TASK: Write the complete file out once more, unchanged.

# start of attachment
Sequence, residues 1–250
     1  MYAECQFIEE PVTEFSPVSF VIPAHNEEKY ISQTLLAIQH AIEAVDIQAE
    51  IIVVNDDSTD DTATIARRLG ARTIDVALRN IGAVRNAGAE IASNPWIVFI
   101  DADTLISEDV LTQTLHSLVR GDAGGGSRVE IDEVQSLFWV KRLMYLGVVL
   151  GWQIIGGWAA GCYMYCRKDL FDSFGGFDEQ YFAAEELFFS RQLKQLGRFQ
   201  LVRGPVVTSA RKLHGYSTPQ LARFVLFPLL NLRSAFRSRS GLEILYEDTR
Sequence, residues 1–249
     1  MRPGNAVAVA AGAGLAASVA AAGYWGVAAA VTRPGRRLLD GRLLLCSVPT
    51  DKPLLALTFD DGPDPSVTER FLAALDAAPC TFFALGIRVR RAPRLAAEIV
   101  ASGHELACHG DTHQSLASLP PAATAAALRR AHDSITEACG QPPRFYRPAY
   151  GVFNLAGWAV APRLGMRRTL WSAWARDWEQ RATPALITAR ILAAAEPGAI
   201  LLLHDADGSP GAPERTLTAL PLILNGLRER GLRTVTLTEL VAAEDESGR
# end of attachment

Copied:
Sequence, residues 1–250
     1  MYAECQFIEE PVTEFSPVSF VIPAHNEEKY ISQTLLAIQH AIEAVDIQAE
    51  IIVVNDDSTD DTATIARRLG ARTIDVALRN IGAVRNAGAE IASNPWIVFI
   101  DADTLISEDV LTQTLHSLVR GDAGGGSRVE IDEVQSLFWV KRLMYLGVVL
   151  GWQIIGGWAA GCYMYCRKDL FDSFGGFDEQ YFAAEELFFS RQLKQLGRFQ
   201  LVRGPVVTSA RKLHGYSTPQ LARFVLFPLL NLRSAFRSRS GLEILYEDTR
Sequence, residues 1–249
     1  MRPGNAVAVA AGAGLAASVA AAGYWGVAAA VTRPGRRLLD GRLLLCSVPT
    51  DKPLLALTFD DGPDPSVTER FLAALDAAPC TFFALGIRVR RAPRLAAEIV
   101  ASGHELACHG DTHQSLASLP PAATAAALRR AHDSITEACG QPPRFYRPAY
   151  GVFNLAGWAV APRLGMRRTL WSAWARDWEQ RATPALITAR ILAAAEPGAI
   201  LLLHDADGSP GAPERTLTAL PLILNGLRER GLRTVTLTEL VAAEDESGR